First things first: I am not a doctor or medical professional. Nothing I write below is a medical opinion or fact unless it is a direct quote from a trained and licensed medical professional.
Over the weekend, I was involved in several discussions about the safety of playing tennis in a variety of scenarios. Is it safe to take a private lesson? Is it safe to play with a healthy friend? Is it safe to play on your own court at your own house with someone living in that house with you?
The discussions were mainly sparked by a graph and accompanying article released by Dr. Neeru Jayanthi of the Society for Tennis Medicine and Science (STMS) and Dr. Mark Kovacs of the International Tennis Performance Association (iTPA) – both of whom are valuable and contributing members of the world-wide tennis industry – showing the varying risk levels of these different tennis-playing scenarios. The graph and article were later taken off both websites and deleted from social media.
Why were they taken down? As Dr. Jayanthi tweeted yesterday morning, “As a physician heavily involved in the tennis world in an effort to help educate about risks of COVID19 and tennis and leaving information for individuals on lower risk tennis activities, I believe with the rapid evolution of this pandemic, it’s best to have a simple, unified message to stay at home (emphasis added) environments with family to allow healthcare workers to manage the upcoming surge as well as slow the virus. I’m sorry if there were any messages stating otherwise and I wish for everyone to be safe and healthy and one day return to tennis in the right way!”
When I shared Dr. Jayanthi’s updated message yesterday, I got a lot of push-back. And I understand people’s fears of “will my kid fall behind her peers if she’s not working with her coach for weeks on end” or “will I be able to continue to support myself and my family if I can’t teach lessons”. The former is certainly something to think about. The latter is absolutely a real concern.
From our political leaders to our medical leaders, we are hearing the same message: STAY HOME. It doesn’t get much clearer than that. If we as a global society want to put an end to the current COVID-19 pandemic, we ALL need to adhere to this message. That’s not my opinion. It’s fact according to Dr. Anthony Fauci, Dr. Scott Gottlieb, and Dr. Deborah Birx, the medical professionals advising the President and the rest of us during this crisis.
I have asked the members of the newly-formed Tennis Industry Task Force to issue a unified, strong statement regarding Tennis and staying home similar to the one put out by the Western Australia Tennis Federation. As of the publication of this article, I have not received a response from any of them. I have heard from people in other countries that their Tennis Governing Bodies are reluctant to issue statements as well. In my opinion, they are doing a huge disservice to the consumers, coaches, and the industry by staying silent.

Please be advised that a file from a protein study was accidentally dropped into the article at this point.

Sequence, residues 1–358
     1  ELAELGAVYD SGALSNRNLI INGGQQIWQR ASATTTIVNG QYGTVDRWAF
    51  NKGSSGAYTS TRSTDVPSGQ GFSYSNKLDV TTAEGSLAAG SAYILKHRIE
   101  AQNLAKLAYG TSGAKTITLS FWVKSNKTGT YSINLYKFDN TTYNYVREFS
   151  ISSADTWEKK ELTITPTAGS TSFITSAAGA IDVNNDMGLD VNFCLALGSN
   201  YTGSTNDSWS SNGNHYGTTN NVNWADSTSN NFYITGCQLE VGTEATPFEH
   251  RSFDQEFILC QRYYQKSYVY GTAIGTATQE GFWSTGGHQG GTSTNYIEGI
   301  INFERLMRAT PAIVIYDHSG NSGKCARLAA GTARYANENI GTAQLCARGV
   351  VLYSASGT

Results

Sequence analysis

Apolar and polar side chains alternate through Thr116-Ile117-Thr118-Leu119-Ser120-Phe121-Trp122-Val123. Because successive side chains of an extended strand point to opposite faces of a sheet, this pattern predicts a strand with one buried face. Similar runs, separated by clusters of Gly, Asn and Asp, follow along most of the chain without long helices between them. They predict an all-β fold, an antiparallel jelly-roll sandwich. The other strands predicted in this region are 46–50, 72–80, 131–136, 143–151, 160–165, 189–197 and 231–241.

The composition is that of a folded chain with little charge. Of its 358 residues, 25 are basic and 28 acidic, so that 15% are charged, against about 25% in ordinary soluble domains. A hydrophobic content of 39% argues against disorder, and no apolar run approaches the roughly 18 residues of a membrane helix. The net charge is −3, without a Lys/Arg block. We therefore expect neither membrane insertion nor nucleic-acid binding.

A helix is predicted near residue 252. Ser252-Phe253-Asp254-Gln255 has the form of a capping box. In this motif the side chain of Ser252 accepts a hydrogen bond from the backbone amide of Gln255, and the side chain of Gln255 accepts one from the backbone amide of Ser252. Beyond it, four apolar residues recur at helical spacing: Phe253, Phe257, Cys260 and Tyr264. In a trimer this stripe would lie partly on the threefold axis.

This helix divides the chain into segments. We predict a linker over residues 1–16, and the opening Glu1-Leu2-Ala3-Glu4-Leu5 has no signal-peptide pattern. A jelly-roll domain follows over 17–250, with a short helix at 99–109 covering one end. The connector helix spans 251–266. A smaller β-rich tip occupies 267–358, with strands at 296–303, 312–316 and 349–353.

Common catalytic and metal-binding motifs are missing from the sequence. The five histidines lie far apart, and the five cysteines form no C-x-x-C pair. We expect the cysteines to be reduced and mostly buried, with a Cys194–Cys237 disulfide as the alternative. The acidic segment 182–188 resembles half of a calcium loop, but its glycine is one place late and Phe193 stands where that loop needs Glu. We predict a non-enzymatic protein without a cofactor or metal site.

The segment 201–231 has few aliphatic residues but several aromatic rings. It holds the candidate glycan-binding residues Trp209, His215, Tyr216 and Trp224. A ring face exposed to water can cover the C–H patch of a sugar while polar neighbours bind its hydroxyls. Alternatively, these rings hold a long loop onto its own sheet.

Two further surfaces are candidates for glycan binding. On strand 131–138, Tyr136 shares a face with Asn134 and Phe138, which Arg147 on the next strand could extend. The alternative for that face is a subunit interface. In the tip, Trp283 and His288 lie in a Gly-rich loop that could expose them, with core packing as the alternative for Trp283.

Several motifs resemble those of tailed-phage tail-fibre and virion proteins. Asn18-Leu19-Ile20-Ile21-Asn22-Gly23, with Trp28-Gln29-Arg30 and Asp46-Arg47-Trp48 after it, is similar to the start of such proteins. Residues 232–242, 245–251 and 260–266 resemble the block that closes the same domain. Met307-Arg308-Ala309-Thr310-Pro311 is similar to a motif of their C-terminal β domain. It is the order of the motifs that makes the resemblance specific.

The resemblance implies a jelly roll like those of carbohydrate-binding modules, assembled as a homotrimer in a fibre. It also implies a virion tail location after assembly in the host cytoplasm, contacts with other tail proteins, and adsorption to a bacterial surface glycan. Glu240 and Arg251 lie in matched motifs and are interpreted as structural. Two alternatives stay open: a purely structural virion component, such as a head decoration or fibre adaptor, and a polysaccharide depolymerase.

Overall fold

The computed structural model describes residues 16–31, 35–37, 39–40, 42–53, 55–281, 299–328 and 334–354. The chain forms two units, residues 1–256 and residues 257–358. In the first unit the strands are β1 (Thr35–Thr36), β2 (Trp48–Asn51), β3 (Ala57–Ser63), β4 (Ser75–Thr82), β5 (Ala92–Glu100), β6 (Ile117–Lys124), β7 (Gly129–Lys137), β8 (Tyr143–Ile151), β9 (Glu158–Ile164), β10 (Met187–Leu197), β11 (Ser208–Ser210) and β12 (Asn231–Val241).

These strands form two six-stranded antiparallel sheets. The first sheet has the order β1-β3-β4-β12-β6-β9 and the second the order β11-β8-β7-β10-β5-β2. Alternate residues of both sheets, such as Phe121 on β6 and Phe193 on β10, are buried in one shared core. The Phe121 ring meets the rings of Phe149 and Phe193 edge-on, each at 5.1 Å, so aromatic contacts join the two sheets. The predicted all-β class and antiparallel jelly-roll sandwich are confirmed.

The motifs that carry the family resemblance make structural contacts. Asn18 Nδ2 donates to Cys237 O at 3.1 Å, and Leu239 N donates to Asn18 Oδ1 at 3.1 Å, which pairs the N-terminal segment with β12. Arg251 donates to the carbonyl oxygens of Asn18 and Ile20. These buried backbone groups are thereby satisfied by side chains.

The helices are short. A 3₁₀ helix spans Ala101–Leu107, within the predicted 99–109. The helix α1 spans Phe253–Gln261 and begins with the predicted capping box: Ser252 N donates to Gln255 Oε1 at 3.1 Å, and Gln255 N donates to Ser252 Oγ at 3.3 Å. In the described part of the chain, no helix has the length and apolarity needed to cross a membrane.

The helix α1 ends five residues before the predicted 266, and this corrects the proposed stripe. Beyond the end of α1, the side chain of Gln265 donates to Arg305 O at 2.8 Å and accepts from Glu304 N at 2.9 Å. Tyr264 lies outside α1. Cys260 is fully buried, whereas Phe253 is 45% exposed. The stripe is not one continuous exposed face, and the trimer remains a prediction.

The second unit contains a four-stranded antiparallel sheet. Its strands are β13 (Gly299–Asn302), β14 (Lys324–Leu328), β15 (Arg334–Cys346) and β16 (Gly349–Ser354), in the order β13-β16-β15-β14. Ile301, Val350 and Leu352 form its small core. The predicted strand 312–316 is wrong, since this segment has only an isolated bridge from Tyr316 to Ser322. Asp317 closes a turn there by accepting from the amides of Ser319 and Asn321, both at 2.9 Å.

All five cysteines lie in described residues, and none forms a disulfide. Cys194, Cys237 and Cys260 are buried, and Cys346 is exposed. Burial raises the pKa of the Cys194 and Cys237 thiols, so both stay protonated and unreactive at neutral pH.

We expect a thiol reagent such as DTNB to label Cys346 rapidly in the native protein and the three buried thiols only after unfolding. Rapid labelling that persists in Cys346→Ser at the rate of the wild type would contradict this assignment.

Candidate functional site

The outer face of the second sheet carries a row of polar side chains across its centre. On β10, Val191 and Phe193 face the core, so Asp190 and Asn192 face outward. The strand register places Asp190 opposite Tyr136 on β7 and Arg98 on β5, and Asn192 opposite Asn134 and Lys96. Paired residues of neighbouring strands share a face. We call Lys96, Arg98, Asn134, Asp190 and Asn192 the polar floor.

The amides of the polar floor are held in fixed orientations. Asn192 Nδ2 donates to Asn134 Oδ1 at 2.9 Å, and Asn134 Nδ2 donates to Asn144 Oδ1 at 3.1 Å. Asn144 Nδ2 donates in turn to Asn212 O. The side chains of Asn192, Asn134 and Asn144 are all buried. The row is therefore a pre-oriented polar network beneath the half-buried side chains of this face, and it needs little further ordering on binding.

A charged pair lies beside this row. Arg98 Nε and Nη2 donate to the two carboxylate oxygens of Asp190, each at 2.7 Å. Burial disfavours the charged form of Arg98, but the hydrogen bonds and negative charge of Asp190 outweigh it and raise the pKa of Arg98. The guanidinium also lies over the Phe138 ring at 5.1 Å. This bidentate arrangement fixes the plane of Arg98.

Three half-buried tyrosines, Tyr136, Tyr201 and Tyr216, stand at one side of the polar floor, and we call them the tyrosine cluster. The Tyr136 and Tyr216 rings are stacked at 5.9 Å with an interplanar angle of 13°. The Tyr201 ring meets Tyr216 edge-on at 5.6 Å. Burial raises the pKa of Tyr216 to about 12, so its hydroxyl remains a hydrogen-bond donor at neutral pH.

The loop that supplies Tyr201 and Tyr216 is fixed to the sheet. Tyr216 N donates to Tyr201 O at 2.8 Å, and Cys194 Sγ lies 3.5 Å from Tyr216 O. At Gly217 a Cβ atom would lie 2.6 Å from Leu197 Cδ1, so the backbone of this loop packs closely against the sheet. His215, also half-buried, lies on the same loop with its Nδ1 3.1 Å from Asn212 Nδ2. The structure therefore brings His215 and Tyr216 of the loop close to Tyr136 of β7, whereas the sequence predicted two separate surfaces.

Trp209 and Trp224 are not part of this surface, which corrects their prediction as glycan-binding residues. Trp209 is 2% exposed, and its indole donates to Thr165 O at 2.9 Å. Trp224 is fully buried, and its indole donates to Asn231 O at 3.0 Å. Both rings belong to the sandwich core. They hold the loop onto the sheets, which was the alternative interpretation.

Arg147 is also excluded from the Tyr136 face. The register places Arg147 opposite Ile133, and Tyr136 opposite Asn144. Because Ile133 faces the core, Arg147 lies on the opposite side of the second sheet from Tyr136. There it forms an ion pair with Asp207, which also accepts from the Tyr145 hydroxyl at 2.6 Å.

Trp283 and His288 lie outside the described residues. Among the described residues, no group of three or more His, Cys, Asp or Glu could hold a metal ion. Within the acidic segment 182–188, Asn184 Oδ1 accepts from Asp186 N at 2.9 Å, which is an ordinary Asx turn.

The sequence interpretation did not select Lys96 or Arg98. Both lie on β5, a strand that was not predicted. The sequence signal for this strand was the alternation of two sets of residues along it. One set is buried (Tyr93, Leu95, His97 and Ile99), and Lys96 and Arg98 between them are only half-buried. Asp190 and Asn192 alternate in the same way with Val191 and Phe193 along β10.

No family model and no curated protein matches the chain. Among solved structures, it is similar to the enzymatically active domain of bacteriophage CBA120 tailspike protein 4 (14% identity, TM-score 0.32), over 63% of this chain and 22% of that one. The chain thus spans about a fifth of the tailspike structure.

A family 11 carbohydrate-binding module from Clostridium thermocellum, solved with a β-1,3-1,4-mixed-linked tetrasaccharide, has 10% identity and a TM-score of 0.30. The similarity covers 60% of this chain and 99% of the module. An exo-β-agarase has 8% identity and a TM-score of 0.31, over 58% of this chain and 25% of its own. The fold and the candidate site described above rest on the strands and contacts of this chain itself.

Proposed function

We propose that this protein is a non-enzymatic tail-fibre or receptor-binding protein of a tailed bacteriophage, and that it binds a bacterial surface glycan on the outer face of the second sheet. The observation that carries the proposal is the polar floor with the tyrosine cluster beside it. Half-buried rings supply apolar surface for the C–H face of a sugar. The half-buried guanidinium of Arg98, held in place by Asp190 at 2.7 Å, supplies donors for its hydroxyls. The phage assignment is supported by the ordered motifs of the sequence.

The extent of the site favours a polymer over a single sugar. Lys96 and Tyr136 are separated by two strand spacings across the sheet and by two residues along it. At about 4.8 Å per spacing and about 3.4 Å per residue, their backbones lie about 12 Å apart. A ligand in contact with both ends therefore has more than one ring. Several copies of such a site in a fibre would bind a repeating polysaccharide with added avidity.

As one Tennis Friend/Journalist said to me, “There are plenty of professional tennis players who live in places with their own courts. You know what they’re NOT doing? Playing tennis.”
But we as a Tennis Community must find a way to support our coaches and the industry as a whole so it’s there for us when this crisis comes to an end. If lessons and in-person play are off the table, how do we help our coaches pay their bills?
In my opinion, it’s a 2-way fix. First, Tennis Players and Tennis Parents need to make a commitment, if their own financial situation permits, to their coach to engage the coach on a regular basis if certain conditions are met. That’s where Part 2 of the fix comes into play.
Tennis Coaches need to give Players and Parents a reason to engage them even while in-person coaching is off the table.
I’m seeing incredible creativity on the part of many coaches to keep their players progressing and, in turn, paying for services. Things like daily lesson plans that include reading tennis-related books (check out our Books page for some ideas) then discussing the takeaways together in a phone or video call. Things like having the player videotape shadow swings of different strokes and analyze then discuss the good, the bad, and the ugly and how the player can adjust various components to improve. Things like having in-depth conversations about tactics, mental toughness, and developing rituals. Things like developing at-home workout programs to help the player stay fit and ready to play. Things like hosting webinars (UTR is offering a free platform to Tennis Coaches here).These are just a few of the ideas I’m hearing about, but there are many more things Coaches can do to remain valuable to their Players and the Parents.
Our first order of business is to stay healthy – physically, mentally, and fiscally. The clear message of how to accomplish that is to STAY HOME and get creative. Let’s support our Tennis Coaches as best we can so they are there for us when COVID-19 is no longer such a threat.
I, like all of you, am looking forward to the day when we are once again well enough as a country and a world to venture outside our own homes, hug our loved ones, and, yes, play tennis. Until that day, though, STAY HOME.
NOTE: Please check out our COVID-19 Resources page for some very creative train-at-home ideas.